Tricia and her buddy had been diving in Cuba twice a day for three days. The dives were between 60 and 104 feet deep, all on air. At the end of the third day of diving she experienced itchy skin and a rash, but she felt well enough to meet friends for dinner. When she got to dinner, however, her condition began to deteriorate, and she headed back to her room to lie down.
Though she was quite uncomfortable she eventually managed to sleep, but only for a few hours. When she awoke the itching was worse, and he skin appeared bruised and mottled. Suspecting skin bends (cutaneous decompression sickness [DCS]), she decided to call DAN.
The DAN medic agreed Tricia might be suffering from DCS and told her to head to the local clinic right away for a thorough neurological evaluation. The medic also offered to coordinate a physician-to-physician consult in Spanish to assist the local physician with the evaluation. She let Tricia know that there were hyperbaric chambers on nearby islands and that she would explore getting an airlift if one was needed. At the clinic Tricia breathed oxygen for around 30-45 minutes. She felt better, and the symptoms subsided somewhat, so the doctor released her. She felt well enough the next day to go sightseeing in Havana, and she even chose to proceed with her scheduled flight home: a 30-minute trip to Miami.
The morning after her flight she awoke in considerable pain, and her abdomen was swollen and disfigured. She called DAN again, and while the medic had her on the phone she also called Mariners Hospital in Tavernier, Florida, which was the closest hyperbaric chamber facility to Tricia’s home, and arranged for the chamber staff to meet her in the emergency room. Tricia arrived at the ER and was taken back quickly, given oxygen and put through a series of tests to evaluate her condition. Despite being four days postdive, the doctor decided to treat her in the chamber. She felt much better after the six-hour chamber treatment, though some abdominal soreness persisted for about a week.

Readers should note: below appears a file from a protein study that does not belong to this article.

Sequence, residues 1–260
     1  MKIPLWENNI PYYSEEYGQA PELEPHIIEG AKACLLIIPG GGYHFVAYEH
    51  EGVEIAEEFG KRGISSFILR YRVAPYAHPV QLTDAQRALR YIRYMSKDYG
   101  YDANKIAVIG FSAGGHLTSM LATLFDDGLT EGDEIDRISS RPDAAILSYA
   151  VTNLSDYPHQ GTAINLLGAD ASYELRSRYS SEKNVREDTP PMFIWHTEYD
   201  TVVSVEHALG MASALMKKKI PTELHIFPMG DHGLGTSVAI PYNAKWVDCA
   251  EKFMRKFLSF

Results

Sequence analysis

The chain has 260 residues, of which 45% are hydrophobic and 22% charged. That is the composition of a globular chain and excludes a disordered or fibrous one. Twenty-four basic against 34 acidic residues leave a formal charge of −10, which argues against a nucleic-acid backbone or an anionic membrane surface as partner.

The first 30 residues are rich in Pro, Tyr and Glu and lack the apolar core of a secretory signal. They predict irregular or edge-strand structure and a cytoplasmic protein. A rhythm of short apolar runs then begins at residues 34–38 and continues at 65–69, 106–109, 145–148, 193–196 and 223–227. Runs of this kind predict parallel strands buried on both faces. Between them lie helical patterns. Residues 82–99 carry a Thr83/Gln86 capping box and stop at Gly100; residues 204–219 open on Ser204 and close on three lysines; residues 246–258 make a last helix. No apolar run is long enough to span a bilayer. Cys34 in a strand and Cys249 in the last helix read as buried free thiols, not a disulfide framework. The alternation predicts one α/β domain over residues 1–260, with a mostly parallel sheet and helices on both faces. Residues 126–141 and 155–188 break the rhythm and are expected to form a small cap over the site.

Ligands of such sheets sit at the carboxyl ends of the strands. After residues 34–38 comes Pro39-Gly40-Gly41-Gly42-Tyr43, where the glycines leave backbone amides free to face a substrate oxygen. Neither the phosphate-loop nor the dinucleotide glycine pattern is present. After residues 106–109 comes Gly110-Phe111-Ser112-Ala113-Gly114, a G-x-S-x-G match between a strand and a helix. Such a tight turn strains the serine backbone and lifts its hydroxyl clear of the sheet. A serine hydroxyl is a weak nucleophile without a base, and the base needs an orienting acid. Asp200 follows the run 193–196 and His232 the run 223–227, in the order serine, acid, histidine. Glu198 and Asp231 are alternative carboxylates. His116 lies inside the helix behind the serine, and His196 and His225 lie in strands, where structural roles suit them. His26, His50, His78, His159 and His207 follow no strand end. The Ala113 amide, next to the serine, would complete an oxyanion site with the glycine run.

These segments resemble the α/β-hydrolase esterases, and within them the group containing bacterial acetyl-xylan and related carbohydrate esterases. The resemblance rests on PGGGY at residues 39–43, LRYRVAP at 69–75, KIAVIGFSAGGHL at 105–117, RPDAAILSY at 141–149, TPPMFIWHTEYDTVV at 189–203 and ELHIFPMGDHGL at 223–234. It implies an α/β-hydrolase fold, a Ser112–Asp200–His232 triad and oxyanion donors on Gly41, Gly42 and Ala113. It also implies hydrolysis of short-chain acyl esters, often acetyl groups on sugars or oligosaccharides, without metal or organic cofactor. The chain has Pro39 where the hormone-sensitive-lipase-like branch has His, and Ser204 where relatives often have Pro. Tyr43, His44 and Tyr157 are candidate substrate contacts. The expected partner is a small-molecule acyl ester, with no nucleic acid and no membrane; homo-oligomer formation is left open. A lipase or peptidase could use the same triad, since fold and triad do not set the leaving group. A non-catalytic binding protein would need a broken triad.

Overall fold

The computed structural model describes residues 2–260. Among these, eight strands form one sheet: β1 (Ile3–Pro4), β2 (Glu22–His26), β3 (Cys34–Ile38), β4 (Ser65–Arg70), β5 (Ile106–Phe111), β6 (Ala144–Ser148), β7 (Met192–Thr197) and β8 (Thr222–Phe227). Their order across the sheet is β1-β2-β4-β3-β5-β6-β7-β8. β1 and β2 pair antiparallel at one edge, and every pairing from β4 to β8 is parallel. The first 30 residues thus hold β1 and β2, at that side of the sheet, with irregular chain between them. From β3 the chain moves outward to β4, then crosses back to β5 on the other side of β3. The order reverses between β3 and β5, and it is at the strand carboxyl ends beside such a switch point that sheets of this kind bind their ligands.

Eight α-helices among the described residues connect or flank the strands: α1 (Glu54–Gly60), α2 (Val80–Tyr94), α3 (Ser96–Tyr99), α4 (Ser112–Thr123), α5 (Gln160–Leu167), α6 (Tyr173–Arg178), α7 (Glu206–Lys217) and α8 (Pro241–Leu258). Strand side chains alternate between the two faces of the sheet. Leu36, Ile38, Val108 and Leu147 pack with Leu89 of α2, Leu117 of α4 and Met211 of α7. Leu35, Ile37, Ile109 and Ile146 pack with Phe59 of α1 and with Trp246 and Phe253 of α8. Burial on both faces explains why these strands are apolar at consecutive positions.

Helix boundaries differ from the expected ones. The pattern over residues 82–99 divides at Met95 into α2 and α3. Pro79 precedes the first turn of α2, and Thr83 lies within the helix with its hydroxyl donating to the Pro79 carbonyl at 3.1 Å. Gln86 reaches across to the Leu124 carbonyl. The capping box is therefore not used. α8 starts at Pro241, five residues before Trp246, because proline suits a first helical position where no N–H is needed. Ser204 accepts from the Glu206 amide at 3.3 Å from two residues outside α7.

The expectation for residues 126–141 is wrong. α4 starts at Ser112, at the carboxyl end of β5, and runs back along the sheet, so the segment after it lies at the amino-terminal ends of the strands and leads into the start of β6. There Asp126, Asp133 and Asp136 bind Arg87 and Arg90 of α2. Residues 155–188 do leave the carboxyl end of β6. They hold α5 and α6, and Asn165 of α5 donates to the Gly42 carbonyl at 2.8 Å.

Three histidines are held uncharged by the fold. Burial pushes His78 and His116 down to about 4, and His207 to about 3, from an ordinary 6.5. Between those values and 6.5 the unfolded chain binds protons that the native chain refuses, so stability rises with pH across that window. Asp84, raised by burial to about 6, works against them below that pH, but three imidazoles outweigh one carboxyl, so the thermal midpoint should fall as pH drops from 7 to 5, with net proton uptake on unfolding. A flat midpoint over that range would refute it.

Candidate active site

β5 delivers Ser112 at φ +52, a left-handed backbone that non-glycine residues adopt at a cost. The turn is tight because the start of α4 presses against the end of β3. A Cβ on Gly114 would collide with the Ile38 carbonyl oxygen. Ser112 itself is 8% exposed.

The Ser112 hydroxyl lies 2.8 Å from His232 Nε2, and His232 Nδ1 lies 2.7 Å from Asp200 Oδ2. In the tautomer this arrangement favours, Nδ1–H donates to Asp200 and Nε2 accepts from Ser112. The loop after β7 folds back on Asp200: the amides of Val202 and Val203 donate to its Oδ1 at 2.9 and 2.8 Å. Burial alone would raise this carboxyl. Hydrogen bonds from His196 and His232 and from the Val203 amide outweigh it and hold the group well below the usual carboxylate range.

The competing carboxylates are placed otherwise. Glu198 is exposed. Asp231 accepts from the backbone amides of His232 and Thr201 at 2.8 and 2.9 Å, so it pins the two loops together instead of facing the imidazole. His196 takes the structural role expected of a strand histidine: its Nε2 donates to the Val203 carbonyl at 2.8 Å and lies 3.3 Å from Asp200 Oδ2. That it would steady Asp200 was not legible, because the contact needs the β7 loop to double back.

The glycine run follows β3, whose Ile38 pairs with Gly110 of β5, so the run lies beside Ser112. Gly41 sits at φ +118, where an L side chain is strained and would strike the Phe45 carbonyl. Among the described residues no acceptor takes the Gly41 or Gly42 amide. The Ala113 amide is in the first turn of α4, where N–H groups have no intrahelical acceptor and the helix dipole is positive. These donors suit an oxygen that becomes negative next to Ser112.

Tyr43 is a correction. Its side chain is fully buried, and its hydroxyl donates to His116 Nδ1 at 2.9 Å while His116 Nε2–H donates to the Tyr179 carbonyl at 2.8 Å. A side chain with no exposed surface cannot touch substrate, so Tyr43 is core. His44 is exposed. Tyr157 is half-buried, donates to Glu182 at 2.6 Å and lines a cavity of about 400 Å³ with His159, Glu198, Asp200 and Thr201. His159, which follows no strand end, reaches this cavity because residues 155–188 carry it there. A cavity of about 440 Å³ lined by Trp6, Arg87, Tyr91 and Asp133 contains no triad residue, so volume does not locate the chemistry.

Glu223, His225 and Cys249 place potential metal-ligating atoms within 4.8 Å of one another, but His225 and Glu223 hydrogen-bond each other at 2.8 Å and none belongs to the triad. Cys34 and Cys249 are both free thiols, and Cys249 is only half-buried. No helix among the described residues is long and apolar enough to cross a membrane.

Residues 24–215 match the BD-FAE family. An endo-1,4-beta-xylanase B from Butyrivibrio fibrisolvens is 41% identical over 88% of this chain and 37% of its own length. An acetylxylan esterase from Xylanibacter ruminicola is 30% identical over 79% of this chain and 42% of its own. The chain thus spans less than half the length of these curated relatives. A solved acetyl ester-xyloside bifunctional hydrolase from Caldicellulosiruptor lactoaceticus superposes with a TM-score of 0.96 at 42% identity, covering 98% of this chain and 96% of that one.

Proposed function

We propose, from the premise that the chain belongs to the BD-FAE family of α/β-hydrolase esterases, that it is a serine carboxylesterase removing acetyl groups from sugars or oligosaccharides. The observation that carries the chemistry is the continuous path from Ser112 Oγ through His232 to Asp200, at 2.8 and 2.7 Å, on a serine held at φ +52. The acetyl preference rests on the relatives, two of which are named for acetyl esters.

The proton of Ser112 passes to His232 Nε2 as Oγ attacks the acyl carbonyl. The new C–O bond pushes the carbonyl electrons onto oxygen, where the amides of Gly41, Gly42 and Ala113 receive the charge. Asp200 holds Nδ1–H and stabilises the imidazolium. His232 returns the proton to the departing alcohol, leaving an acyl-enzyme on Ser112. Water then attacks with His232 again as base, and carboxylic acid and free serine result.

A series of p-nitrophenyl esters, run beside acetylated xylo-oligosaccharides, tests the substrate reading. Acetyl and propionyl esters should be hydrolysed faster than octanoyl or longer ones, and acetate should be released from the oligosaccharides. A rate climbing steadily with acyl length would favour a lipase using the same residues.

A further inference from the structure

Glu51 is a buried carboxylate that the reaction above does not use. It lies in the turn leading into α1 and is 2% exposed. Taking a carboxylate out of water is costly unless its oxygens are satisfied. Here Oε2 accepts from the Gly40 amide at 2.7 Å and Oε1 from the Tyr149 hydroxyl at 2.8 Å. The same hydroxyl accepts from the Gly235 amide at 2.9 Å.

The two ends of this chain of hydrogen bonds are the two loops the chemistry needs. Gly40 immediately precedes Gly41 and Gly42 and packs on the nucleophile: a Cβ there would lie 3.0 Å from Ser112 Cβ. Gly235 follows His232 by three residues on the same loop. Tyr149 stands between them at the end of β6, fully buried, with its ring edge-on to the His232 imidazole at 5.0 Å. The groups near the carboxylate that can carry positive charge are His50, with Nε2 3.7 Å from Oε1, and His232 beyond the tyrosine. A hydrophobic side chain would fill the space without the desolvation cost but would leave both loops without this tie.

Reflecting on the incident, she initially found it puzzling that of the 20 divers in the group she was the one who got DCS. “I was one of the youngest, I have always stayed active and in shape, and I did not dive beyond any limits.” But in the aftermath of the event she learned that the vast majority of DCS cases involve no identifiable causes or explanations (beyond time spent at depth). “If I had to go through this all over again,” she said, “next time I’d advocate for myself more forcefully. I probably would have called DAN sooner in the first place and again the day before I flew. I knew it wasn’t a good idea to get on that plane with symptoms, so I would have liked to discuss that with DAN before we departed.”
“I realize how fortunate I am that my DCS was not any worse,” Tricia said, “and I’m so grateful that we’ve always been covered by DAN dive accident insurance since we began diving in 1998. Neither of us ever wanted to have to dial that number, but I’m sure glad DAN was there for us when we did.”
For only US$40 per year for an individual or US$60 per year for a family, DAN takes the guesswork out of emergency logistics. Once a member calls the 24/7 hotline, DAN arranges care — including evacuations and complex air travel arrangements if necessary. Behind the scenes, DAN specialists coordinate medical care and transportation with local agencies, and in dive emergencies, DAN medical staff can even consult with local physicians who may not be familiar with dive medicine.
With more than 40 years of experience managing emergencies around the globe, DAN helps its members fully enjoy their travels. Learn more about the benefits of being a DAN member.